Automated running of scripts without malware/virus checks
Certain web browsers that automatically run “safe” or “trusted” scripts often cause a network security vulnerability. Cybercriminals exploit this vulnerability by imitating a trusted piece of code and deceiving the browser into running malware without the user’s consent. In most cases, they don’t know that this “feature” should be disabled.
Superuser or admin account privileges
Certain vulnerabilities occur due to faulty authentication mechanisms. The most basic principle of handling software vulnerabilities is to restrict user access. The damage drops if the user has access to limited information.
What Are the Four Main Types of Vulnerabilities?
Certified ethical hackers perform a vulnerability analysis using various tools and scanners to discover grey areas and risks in a system. The four main types of vulnerabilities in cybersecurity are:
- Human Vulnerabilities: Lack of information can disrupt systems or networks and provide access to malicious actors.
- Network Vulnerabilities: Network vulnerabilities include an inadequately configured firewall and insecure Wi-Fi access points.
- Process Vulnerabilities: Process vulnerabilities can be exposed through certain process controls or even an absence of one, i.e., weak passwords.
- Operating System Vulnerabilities: These vulnerabilities exist within a specific operating system and malicious attackers can exploit them to damage or access information from the system.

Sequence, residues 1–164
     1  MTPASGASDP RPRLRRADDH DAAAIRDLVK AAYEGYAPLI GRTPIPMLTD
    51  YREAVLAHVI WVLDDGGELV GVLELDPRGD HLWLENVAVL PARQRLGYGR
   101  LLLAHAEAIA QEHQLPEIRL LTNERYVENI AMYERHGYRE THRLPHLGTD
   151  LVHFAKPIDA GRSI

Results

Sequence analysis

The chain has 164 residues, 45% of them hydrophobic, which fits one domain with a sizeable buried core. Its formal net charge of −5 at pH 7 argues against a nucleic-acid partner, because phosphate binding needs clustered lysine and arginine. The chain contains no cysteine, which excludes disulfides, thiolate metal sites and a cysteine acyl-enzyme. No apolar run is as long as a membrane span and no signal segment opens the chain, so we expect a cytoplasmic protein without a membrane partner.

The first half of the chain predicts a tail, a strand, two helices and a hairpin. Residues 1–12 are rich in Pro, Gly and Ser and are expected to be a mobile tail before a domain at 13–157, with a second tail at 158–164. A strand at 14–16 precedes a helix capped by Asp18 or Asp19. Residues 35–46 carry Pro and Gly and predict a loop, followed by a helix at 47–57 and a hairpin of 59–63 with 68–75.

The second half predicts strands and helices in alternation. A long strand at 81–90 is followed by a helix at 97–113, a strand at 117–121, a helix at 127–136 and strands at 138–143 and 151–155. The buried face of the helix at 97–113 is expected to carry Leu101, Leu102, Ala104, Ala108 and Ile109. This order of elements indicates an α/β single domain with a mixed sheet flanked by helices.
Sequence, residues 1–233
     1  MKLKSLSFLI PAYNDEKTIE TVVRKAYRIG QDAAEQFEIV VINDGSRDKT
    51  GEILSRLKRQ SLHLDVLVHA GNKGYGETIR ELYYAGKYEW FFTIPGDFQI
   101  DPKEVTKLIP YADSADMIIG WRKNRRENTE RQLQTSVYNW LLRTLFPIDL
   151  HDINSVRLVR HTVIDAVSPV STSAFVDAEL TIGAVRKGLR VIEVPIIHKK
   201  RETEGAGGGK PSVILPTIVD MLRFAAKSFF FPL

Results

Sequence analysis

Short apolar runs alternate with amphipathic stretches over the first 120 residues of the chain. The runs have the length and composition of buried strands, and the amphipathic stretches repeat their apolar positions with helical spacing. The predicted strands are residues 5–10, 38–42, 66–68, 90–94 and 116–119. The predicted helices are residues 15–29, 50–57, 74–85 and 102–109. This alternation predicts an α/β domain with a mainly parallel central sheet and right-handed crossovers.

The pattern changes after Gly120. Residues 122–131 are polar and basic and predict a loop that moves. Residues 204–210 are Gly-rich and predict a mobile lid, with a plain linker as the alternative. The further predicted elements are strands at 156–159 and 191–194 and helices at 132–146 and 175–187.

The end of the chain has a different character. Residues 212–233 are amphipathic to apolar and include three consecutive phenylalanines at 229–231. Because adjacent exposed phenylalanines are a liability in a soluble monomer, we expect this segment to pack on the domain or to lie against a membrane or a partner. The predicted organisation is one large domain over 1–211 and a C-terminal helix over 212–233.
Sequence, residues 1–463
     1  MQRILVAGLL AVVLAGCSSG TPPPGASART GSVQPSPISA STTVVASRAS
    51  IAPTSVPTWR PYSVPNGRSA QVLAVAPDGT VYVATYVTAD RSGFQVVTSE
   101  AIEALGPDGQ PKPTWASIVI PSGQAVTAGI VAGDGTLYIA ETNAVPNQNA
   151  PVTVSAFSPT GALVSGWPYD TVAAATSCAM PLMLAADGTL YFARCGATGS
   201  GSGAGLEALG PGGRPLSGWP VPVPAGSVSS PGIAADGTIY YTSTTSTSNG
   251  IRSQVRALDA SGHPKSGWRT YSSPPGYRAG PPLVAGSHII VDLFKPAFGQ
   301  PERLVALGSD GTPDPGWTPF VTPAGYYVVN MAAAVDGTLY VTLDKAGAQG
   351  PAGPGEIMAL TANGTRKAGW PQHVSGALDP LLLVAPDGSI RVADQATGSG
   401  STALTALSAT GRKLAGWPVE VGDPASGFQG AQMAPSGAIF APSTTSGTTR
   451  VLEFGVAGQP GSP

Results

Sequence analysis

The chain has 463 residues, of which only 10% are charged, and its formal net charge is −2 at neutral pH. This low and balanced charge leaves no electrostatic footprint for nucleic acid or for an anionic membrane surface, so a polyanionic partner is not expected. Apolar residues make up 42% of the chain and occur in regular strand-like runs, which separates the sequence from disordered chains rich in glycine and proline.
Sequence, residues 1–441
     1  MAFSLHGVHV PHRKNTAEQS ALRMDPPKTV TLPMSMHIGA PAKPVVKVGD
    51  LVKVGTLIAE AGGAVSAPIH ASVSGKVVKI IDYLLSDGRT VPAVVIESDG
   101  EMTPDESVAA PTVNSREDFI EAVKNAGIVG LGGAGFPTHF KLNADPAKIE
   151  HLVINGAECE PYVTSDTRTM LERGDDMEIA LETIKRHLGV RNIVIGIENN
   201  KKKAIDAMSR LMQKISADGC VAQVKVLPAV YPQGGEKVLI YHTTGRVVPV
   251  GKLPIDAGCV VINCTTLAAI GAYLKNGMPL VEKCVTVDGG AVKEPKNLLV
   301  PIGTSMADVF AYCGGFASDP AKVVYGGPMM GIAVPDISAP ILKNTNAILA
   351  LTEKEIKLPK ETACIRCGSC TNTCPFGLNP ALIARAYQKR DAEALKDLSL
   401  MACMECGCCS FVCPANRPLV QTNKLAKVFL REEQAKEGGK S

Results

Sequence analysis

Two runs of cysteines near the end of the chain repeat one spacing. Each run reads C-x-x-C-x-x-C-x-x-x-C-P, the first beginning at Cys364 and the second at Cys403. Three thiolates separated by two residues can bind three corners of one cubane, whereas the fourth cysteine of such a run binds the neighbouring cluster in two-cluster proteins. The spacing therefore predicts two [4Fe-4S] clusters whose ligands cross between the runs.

Four Steps to Vulnerability Assessment
Step 1: Initial Assessment (Planning)
- Identify your assets and know the worth of the devices that are part of your network.
- Identify the risks and critical value device. It should also include a security analysis vulnerability scanner.
- Analyze if the device is accessible to everyone or limited to the authorized users and administrators alone.
The information collected from the above three steps can be used to find solutions and predict:
- The level and impact of risk.
- Analysis of the impact of the said risk(s) on the business.
- Proposing a risk strategy.
- Simulating a cyberattack scenario.
- Possible mitigation of risks for each device or service.
- Setting up practices and policies for risk mitigation in each device.
Step 2: System Baseline Definition
- Documentation of installed systems on your network, their capabilities, and the users who have access.
- Document all the services, processes, and open ports of those devices.
- Scan your device or use threat intelligence and a vulnerability database to detect vulnerabilities and remove false positives.
Furthermore, it would help if you acquainted yourself with certified drivers and software. You can create a record of public data and vulnerabilities regarding the device program, vendor, version, and other significant details. This way, you can avoid installing any low-quality product with high risk.
Step 3: Vulnerability Assessment and Risk Assessment
This stage helps in identifying the root cause of the vulnerabilities. From here, you can prioritize such vulnerabilities according to the threat level.